This dissertation investigates the use of hierarchy and problem decomposition as a means of solving large, stochastic, sequential decision problems. These problems are framed as Markov decision problems (MDPs). The new technical content of this dissertation begins with a discussion of the concept of temporal abstraction. Temporal abstraction is shown to be equivalent to the transformation of a policy defined over a region of an MDP to an action in a semi-Markov decision problem (SMDP). Several algorithms are presented for performing this transformation efficiently.

This dissertation introduces the HAM method for generating hierarchical, temporally abstract actions. This method permits the partial specification of abstract actions in a way that corresponds to an abstract plan or strategy. Abstract actions specified as HAMs can be optimally refined for new tasks by solving a reduced SMDP. The formal results show that traditional MDP algorithms can be used to optimally refine HAMs for new tasks. This can be achieved in much less time than it would take to learn a new policy for the task from scratch.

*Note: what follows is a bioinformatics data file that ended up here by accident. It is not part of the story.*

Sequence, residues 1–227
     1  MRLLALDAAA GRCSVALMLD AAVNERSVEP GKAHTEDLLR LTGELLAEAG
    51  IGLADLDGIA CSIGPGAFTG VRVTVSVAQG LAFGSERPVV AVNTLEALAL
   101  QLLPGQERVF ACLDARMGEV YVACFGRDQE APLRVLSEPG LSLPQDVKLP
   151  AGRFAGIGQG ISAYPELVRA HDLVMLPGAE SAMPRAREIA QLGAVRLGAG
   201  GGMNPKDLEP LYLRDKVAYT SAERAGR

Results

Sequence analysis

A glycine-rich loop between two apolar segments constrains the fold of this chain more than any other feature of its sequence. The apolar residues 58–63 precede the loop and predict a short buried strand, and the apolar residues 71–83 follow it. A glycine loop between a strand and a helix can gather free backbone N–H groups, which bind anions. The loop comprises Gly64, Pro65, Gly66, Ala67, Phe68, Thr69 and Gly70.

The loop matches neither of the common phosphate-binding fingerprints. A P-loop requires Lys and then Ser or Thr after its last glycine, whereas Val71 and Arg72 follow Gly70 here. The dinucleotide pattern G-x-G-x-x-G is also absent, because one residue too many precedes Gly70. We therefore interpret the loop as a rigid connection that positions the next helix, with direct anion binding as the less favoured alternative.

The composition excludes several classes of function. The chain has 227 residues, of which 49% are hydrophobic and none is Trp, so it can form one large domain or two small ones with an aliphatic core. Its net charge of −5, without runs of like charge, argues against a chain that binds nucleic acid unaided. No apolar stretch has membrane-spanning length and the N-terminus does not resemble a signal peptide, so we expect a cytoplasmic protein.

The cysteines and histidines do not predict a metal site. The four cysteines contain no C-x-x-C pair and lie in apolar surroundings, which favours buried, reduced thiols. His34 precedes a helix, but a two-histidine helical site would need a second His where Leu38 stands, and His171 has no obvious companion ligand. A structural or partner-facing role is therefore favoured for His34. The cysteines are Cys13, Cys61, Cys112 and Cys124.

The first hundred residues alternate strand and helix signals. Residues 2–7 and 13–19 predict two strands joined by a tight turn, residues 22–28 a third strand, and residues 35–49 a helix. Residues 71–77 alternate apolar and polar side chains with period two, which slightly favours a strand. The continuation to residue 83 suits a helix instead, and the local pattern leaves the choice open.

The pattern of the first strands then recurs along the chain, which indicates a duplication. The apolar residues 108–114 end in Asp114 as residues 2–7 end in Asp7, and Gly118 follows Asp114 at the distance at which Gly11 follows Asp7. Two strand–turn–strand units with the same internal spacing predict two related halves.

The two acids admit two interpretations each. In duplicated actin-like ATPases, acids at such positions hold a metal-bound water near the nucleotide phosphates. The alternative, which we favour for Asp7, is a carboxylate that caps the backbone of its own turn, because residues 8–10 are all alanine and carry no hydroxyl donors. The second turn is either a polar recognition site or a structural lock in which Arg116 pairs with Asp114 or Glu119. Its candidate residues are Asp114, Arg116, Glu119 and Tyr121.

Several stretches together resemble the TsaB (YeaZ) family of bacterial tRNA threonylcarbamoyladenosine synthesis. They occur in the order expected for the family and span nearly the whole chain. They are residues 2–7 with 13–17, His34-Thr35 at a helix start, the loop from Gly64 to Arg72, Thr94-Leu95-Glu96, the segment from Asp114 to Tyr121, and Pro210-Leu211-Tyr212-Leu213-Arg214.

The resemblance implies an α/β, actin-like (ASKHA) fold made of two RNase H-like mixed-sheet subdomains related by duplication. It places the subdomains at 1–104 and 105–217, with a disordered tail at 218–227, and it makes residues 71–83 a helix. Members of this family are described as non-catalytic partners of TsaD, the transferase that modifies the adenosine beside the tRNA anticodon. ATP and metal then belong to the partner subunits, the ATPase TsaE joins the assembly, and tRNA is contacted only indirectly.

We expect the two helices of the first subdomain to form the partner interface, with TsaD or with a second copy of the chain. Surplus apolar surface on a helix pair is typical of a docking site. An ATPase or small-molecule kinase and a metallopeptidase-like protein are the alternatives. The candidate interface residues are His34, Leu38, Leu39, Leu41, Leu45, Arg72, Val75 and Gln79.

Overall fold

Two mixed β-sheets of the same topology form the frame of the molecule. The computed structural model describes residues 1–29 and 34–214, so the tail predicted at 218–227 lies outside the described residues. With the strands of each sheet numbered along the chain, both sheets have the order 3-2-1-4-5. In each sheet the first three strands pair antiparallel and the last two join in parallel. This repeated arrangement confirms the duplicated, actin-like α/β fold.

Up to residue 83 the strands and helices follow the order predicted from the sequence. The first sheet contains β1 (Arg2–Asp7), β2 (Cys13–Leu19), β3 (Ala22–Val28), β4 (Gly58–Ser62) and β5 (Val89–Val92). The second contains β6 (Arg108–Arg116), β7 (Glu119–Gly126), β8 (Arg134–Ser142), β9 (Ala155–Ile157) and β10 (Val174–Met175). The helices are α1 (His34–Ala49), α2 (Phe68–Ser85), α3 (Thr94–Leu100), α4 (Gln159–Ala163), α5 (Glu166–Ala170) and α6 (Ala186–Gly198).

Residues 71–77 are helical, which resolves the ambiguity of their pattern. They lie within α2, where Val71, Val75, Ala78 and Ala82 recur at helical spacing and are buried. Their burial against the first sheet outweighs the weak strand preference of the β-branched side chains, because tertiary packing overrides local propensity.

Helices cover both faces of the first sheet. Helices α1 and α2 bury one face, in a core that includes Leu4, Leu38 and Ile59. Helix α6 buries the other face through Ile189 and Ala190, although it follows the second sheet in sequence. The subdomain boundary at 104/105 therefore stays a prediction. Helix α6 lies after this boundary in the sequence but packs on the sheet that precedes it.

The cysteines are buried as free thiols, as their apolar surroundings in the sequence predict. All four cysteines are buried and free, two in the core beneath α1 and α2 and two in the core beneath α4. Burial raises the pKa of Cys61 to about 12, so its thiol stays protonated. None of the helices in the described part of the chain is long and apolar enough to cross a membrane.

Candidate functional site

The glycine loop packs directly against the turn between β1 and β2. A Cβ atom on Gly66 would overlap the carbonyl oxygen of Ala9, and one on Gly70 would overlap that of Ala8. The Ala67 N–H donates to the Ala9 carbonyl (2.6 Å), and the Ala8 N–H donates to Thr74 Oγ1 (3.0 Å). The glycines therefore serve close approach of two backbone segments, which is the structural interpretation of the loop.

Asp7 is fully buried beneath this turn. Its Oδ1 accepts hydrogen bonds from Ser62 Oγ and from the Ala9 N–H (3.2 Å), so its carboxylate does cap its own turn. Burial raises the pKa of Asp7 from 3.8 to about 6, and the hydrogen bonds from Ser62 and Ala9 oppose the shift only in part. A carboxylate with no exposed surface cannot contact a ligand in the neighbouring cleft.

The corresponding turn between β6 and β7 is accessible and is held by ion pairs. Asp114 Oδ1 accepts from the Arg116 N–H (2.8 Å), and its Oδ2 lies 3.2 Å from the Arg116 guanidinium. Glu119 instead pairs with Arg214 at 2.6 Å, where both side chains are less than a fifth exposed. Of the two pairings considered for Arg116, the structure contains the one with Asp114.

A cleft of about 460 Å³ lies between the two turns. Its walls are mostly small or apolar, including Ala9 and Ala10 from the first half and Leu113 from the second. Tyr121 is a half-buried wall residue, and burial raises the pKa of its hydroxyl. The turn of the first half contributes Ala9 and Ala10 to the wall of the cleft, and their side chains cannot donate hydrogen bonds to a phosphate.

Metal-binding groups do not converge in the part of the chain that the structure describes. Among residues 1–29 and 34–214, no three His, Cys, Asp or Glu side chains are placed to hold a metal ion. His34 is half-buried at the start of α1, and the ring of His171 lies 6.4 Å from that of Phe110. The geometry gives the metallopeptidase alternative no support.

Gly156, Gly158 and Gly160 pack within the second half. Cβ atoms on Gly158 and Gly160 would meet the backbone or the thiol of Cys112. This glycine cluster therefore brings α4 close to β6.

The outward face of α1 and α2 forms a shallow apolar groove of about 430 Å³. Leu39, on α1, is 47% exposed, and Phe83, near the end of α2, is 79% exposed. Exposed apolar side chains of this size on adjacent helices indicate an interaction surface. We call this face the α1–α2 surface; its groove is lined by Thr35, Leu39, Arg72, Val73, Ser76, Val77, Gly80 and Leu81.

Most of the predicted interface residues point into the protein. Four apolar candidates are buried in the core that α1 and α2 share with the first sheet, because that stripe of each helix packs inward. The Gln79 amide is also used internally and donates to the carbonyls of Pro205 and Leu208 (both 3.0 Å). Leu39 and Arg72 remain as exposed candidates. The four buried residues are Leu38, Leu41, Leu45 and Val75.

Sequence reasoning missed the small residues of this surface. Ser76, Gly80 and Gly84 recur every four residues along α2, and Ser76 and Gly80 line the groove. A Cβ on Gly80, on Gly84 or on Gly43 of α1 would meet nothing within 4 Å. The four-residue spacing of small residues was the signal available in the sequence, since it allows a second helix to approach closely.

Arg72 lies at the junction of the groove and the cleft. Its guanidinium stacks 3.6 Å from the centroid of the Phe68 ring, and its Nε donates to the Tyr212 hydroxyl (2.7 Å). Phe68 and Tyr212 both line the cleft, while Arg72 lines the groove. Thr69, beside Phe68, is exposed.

HAMs complement some novel decomposition algorithms that are presented in this dissertation. These algorithms work by constructing a cache of policies for different regions of the MDP and then optimally combining the cached solution to produce a global solution that is within provable bounds of the optimal solution.

Together, the methods developed in this dissertation provide important tools for producing good policies for large MDPs. Unlike some ad-hoc methods, these methods provide strong formal guarantees. They use prior knowledge in a principled way, and they reduce larger MDPs into smaller ones while maintaining a well-defined relationship between the smaller problem and the larger problem.

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